Jan 20 (Reuters) – T-Mobile (TMUS.O)US No. 3 wireless carrier said by subscribers Thursday that it is investigating a data breach involving 37 million postpaid and prepaid accounts, and that it could incur significant costs related to the incident.
The company, which has more than 110 million subscribers, said it identified malicious activity on January 5 and contained it within a day, adding that no sensitive data such as financial information was compromised.
However, some basic customer data — such as name, billing address, email, and phone number — was obtained and has begun notifying affected customers, according to T-Mobile.
“Our investigation is still ongoing, but it appears that the malicious activity has been fully contained at this time, and there is currently no evidence that the bad actor was able to compromise or compromise our systems or network,” the company said.
The US Federal Communications Commission (FCC) has opened an investigation into the data breach, The Wall Street Journal reports mentioned on Thursday, citing an FCC spokesperson.
The FCC and T-Mobile did not immediately respond to Reuters requests for comment on the reported investigation.
“While these cybersecurity breaches may not be systemic in nature, their frequency at T-Mobile is an alarming anomaly for telecom peers,” said Neil Mack, senior analyst at Moody’s Investors Service.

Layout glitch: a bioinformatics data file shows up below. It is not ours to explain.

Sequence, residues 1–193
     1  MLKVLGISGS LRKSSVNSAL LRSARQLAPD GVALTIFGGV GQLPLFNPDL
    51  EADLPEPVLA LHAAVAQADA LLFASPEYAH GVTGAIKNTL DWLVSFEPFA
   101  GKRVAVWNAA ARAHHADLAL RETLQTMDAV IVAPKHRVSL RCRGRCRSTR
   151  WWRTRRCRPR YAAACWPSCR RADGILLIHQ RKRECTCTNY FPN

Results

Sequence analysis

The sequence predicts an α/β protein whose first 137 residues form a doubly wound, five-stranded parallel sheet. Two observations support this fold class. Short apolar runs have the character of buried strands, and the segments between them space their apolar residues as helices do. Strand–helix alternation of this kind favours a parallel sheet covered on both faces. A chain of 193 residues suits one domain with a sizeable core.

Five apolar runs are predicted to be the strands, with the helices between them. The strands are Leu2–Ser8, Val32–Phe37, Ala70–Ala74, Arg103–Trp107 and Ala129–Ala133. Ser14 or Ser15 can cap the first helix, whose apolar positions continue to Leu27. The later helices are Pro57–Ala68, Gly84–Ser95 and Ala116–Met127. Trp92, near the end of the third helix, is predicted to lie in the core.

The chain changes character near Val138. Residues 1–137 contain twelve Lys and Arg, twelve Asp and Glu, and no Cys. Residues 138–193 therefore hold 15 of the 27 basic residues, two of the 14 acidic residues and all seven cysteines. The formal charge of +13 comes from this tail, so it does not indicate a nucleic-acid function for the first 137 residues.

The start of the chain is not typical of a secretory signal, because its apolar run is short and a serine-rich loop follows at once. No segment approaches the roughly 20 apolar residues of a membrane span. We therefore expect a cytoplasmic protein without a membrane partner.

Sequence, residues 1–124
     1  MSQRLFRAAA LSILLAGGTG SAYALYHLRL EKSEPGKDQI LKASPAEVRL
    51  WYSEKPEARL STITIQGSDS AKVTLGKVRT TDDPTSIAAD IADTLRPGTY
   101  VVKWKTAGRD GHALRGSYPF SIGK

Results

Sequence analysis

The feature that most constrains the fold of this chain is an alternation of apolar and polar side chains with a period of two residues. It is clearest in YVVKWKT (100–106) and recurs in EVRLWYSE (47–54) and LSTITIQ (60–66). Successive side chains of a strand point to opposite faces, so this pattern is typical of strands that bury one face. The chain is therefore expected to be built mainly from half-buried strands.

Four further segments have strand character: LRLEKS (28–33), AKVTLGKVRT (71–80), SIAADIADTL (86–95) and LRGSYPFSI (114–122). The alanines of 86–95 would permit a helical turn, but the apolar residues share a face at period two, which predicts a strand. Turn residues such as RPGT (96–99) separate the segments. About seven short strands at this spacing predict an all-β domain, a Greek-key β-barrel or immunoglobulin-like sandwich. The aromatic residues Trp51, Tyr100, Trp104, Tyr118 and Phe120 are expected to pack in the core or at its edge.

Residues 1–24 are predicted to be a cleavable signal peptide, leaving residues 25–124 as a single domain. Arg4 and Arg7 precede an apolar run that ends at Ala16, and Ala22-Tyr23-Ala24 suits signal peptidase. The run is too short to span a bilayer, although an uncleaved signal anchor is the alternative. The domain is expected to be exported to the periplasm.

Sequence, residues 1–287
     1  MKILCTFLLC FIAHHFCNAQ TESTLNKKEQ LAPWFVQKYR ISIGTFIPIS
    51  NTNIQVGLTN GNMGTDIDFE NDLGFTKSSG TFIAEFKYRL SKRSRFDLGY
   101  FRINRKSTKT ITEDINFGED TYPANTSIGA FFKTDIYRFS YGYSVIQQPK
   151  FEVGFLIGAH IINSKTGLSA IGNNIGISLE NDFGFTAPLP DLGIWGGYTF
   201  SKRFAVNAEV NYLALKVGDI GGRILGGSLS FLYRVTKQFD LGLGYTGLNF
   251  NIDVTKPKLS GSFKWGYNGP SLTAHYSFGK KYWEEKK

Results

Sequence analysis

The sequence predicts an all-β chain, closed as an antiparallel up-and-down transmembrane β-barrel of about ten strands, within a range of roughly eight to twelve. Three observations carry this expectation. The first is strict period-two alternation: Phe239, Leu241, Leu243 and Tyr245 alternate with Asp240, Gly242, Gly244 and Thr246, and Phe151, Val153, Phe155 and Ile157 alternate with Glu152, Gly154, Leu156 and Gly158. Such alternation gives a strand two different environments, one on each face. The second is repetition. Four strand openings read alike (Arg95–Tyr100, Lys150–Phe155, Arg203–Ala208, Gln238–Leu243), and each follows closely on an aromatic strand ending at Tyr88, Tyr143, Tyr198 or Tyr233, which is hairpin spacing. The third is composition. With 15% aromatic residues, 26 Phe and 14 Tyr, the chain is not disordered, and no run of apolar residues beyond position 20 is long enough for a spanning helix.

“This could negatively affect customer behavior, cause spikes and potentially attract scrutiny from the FCC and other regulators.”
Last year, T-Mobile agreed to pay $350 million and spend an additional $150 million to upgrade data security to settle litigation over a 2021 cyberattack that compromised information belonging to an estimated 76.6 million people.
Shares of the Bellevue, Washington-based company were down 2% in after-hours trading.
Additional reporting by Eva Matthews and Lavanya Ahir in Bengaluru; Editing by Sriraj Kaluvella, Magu Samuel, Rashmi Aish and Savio de Souza
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